Common Misconceptions About Wills in Texas
People make a lot of assumptions about wills and how they operate in Texas, and a surprising number of those assumptions are wrong. While the full list of misconceptions about wills is too long to describe here, we will review some of the most common.
You Don’t Need a Will if Your Family Knows Your Wishes
If your family knows how you want your property handled when you pass away, you may be lulled into a false sense of security. Without a will, your property will be distributed in accordance with the Texas laws of intestate succession, regardless of what you want. Your family will be powerless to act otherwise unless you’ve left provisions in a valid will.
Wills are Only for Those with Lots of Property
Everyone owns property, and that means everyone leaves an estate behind when they die. When you leave a will along with your estate, you make things easier on your loved ones because they have explicit directions about who should handle your affairs and how you want things arranged. Every adult should have a basic will.
If You Die Without a Will, Everything will Go to Your Spouse
Many people assume that their property will easily pass into the hands of their spouse after their death. Without a will, however, the property may be divided up among the spouse and other family members according to a complex formula.
A Will Allows Your Loved Ones to Avoid Probate
A will makes the process of probate easier because it provides direction. However, the probate process is about following the terms in the will, so it definitely does not help you avoid probate. You can avoid probate with a trust or other strategies that remove assets from the estate and allow them to pass directly to your beneficiaries.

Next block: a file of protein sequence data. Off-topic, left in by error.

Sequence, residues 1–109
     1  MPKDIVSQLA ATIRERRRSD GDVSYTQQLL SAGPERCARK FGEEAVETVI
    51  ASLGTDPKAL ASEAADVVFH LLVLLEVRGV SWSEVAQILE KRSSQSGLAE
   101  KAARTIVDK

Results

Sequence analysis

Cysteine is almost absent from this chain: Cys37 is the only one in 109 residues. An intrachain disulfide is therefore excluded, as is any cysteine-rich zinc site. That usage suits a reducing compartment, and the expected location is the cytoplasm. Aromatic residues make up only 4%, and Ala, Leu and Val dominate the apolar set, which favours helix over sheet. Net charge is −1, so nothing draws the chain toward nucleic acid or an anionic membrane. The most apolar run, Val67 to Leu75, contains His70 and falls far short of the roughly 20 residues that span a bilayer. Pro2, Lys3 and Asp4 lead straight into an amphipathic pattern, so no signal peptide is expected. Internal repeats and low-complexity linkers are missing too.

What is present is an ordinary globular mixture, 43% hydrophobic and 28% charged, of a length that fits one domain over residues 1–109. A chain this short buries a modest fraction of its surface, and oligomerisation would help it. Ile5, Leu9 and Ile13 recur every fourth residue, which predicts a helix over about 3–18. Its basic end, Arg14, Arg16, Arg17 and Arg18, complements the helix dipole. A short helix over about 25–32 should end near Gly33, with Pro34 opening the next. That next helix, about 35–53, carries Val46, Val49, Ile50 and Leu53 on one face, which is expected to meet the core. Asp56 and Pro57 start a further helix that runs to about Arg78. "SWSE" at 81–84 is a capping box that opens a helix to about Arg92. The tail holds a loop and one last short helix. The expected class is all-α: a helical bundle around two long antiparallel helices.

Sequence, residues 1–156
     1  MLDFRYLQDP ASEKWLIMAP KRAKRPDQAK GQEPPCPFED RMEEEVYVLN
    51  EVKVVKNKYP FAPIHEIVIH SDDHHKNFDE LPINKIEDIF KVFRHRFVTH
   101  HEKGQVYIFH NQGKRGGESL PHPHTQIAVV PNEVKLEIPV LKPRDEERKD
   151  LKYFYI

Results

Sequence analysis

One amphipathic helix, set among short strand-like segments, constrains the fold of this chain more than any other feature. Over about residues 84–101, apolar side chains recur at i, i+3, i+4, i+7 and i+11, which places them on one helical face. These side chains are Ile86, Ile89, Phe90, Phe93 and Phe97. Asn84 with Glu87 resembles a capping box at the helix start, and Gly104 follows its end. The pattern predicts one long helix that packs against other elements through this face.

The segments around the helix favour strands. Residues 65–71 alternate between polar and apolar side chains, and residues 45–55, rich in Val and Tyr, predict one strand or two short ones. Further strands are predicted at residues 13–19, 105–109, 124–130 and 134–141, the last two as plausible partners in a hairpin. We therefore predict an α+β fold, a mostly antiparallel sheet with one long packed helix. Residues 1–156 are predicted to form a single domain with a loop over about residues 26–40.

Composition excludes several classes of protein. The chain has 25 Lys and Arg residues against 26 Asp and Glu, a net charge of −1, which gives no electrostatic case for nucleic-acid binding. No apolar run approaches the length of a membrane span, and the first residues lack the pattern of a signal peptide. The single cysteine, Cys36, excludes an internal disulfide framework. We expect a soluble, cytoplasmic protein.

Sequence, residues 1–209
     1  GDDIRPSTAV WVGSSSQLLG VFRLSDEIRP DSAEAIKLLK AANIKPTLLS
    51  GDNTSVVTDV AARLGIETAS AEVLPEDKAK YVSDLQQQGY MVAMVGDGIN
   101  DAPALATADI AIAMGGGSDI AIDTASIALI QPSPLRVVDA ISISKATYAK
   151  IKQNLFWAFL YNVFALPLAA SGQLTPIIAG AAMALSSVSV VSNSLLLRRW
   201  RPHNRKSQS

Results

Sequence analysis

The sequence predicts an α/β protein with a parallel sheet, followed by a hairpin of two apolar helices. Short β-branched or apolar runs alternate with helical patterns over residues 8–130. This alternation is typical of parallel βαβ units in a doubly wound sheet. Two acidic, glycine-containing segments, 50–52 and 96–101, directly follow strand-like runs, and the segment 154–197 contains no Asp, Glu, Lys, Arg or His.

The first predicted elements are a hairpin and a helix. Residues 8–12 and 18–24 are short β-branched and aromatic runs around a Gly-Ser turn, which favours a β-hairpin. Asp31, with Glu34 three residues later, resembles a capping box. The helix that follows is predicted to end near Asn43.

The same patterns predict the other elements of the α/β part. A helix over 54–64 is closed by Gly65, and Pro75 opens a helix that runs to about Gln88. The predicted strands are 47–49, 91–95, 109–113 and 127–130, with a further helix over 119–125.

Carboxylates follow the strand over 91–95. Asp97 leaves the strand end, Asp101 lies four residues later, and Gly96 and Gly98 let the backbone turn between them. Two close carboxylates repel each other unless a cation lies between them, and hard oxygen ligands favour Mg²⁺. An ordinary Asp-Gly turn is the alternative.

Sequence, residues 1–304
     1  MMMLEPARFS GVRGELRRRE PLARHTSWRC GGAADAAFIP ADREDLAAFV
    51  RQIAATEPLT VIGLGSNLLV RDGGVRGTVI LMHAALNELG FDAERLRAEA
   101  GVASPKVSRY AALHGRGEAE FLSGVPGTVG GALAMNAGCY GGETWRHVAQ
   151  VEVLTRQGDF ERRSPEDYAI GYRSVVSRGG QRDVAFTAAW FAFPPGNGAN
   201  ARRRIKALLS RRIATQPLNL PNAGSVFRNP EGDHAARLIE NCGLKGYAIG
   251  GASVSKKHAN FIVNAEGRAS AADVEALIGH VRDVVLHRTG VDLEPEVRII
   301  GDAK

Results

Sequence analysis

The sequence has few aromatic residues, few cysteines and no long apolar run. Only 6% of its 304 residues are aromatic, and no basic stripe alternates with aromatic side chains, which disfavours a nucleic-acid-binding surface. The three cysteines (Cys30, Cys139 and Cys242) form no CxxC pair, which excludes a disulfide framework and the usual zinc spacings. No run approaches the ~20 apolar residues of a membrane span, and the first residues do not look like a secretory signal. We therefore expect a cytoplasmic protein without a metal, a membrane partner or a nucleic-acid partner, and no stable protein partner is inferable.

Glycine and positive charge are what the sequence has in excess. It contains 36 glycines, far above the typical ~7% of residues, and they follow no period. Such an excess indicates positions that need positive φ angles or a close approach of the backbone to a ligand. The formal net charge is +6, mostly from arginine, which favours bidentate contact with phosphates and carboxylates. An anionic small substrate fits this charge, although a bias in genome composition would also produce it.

A Will Has to be Notarized and Filed at the Courthouse to be Valid
While a will in Texas usually has to be witnessed properly at signing, it does not need to be notarized or filed with the court. The will you find sitting in someone’s file drawer is very likely to be valid. In fact, a will written entirely in the deceased person’s handwriting can be valid even if it is not witnessed. But you may want to consult an attorney who can help demonstrate the authenticity (or lack thereof) in court.
My Family Will Take Care of my Kids
This is something you don’t want to leave to chance. If you have minor children, you need a will specifying which family members or friends you want to serve as guardians. You can also include a testamentary trust that puts your assets in trust for your minor children and names a trustee to manage the funds until your children are ready to take over.
A Will is Something You Only Have to Think About Once
People’s lives often change after they’ve executed a will, so it is a good idea to review the terms periodically to ensure that the will still directs affairs the way you want it to.
Talk to an Attorney to Learn More About How a Will Can Make Life Easier for Your Loved Ones
Creating a will does not need to be a complicated or expensive undertaking, and it can prevent numerous problems for family members and friends in the future. To talk to a dedicated attorney at The Nordhaus Firm about creating or updating your will or other estate planning documents, we invite you to contact us at your convenience.